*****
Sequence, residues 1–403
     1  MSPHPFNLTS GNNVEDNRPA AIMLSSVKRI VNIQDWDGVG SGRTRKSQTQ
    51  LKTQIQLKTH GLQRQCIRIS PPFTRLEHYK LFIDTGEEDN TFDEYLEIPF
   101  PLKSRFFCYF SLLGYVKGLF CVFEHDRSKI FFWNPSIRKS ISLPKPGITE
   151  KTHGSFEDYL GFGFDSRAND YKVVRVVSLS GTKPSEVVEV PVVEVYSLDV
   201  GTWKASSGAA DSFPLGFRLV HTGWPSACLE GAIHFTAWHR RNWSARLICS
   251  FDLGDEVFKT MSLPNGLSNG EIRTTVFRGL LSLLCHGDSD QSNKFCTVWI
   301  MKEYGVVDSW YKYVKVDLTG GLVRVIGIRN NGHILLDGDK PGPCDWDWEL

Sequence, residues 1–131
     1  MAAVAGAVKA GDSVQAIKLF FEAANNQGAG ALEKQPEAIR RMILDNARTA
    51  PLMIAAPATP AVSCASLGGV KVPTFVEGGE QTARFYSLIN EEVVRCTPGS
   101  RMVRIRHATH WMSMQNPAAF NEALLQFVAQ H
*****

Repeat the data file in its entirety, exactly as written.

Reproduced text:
Sequence, residues 1–403
     1  MSPHPFNLTS GNNVEDNRPA AIMLSSVKRI VNIQDWDGVG SGRTRKSQTQ
    51  LKTQIQLKTH GLQRQCIRIS PPFTRLEHYK LFIDTGEEDN TFDEYLEIPF
   101  PLKSRFFCYF SLLGYVKGLF CVFEHDRSKI FFWNPSIRKS ISLPKPGITE
   151  KTHGSFEDYL GFGFDSRAND YKVVRVVSLS GTKPSEVVEV PVVEVYSLDV
   201  GTWKASSGAA DSFPLGFRLV HTGWPSACLE GAIHFTAWHR RNWSARLICS
   251  FDLGDEVFKT MSLPNGLSNG EIRTTVFRGL LSLLCHGDSD QSNKFCTVWI
   301  MKEYGVVDSW YKYVKVDLTG GLVRVIGIRN NGHILLDGDK PGPCDWDWEL

Sequence, residues 1–131
     1  MAAVAGAVKA GDSVQAIKLF FEAANNQGAG ALEKQPEAIR RMILDNARTA
    51  PLMIAAPATP AVSCASLGGV KVPTFVEGGE QTARFYSLIN EEVVRCTPGS
   101  RMVRIRHATH WMSMQNPAAF NEALLQFVAQ H